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A Nuance to the Inequality Debate

Inequality - a nuancePaul Krugman, a New York Times economist and a Nobel prize winner, offers a very good advice when you are seeking data to support your viewpoint. When searching for supporting documentation or data that supports your belief or assertions, you need to be very wary of uncritically accepting the data. In fact, you may need to bend over backward when viewing data that supports your assertions. You need to be even more skeptical because your bias towards that belief could cloud your judgment. As an example, he says that he would very much like to believe reports and findings that say high inequality would ultimately lead to stifled growth, but he suspects that there is no real strong data to support it.

That makes a lot of sense: you want so badly for the findings to say you are right that you ignore other signals or you don’t probe deeply enough. I’m glad he is taking a cautious approach to the high inequality = low growth, rather than just accepting such findings. I hope that means that I can depend on him to look at the details more critically, deciphering the true meanings and finding the real connections.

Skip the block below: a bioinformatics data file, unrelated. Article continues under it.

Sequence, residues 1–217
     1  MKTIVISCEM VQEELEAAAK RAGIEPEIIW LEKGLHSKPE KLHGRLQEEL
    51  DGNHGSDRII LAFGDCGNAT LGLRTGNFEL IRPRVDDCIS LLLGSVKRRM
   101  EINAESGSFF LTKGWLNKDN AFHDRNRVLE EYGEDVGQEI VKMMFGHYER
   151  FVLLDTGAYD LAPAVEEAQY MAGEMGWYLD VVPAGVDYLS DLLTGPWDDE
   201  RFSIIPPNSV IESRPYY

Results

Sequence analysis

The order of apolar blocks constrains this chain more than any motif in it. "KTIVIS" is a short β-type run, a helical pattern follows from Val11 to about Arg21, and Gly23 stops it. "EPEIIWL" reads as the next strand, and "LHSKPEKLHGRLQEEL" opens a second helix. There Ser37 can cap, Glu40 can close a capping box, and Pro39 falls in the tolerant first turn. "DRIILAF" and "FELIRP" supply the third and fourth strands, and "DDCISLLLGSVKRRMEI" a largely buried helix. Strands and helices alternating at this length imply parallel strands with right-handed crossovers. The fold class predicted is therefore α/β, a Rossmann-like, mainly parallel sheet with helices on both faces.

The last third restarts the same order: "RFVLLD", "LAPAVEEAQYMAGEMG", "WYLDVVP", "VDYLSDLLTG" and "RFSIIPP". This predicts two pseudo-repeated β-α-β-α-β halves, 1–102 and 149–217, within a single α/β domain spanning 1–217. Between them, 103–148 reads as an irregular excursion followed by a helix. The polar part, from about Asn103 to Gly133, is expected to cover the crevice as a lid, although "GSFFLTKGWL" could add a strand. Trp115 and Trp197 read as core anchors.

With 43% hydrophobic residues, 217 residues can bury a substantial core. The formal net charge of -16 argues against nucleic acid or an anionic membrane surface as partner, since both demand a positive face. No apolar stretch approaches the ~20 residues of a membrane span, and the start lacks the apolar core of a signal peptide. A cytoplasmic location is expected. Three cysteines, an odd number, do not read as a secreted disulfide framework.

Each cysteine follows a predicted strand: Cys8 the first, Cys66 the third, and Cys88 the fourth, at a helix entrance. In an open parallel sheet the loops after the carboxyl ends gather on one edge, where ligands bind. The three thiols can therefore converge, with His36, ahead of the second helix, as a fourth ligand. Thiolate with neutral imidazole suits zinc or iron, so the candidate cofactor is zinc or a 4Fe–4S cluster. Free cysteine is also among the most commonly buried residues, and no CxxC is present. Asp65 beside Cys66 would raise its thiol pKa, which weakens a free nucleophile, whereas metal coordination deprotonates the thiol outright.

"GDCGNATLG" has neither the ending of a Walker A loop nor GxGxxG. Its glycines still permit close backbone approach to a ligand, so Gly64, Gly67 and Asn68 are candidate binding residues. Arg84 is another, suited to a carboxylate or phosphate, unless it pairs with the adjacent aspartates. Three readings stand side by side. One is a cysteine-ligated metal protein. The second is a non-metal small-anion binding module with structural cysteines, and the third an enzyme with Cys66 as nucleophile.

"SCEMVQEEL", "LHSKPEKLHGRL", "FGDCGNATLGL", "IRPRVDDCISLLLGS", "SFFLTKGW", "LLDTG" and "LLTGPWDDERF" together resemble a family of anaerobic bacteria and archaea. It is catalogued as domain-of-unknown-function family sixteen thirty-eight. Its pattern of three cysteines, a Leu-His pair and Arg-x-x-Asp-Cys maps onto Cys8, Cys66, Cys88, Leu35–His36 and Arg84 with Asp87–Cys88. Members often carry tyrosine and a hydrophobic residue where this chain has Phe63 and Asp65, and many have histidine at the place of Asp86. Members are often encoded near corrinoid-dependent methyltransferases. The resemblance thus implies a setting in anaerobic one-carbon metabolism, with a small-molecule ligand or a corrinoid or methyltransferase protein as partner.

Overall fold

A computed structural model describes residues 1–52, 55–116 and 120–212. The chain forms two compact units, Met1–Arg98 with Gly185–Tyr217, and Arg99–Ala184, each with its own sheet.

We could have used that advice…

…when Bush et al was quoting the mushroom effect as reason for invading Iraq;

…when politicians cut taxes with the belief that such cuts will spur economic growth (so far the data says otherwise but they are still hoping);

…when politicians tout that austere measures will help improve the economy, especially during this kind of recession that we just endured (Europe signals that austerity measures do not work).

And so on and so forth.

So, with that caution in mind, last week there was an article announced that there was a nuance to the inequality debate. Instead of the usual article declaring Americans have been losing grounds for 30 years since the ’80s, this article said that there was a nuance. A researcher looked at a newly released set of (census?) data that follows groups of people over time. Apparently, this type of data was unavailable before and is now available (I’m not sure how or why), so this is the first time that any researcher has been able to dig into data about a group of people over a  period of time. The data indicated that instead of losing ground over the full 30 years, educated, elderly Americans actually lost ground only in the last 10 years. Throughout the ’80s and ’90s, educated Americans actually reaped gains as productivity increased. It was only during the 2000’s that elderly Americans started to slip back and lose those gains.

What happened during the 2000’s? Was it that free market fervor took rabid hold? Regulations was loosened too much? Government became more pro-business and thus businesses became emboldened to “play” nasty? Increased offshoring? Globalization? Who knows? Maybe the narrowing of the timeframe will lead to answers but it sure slightly changes the conversation.


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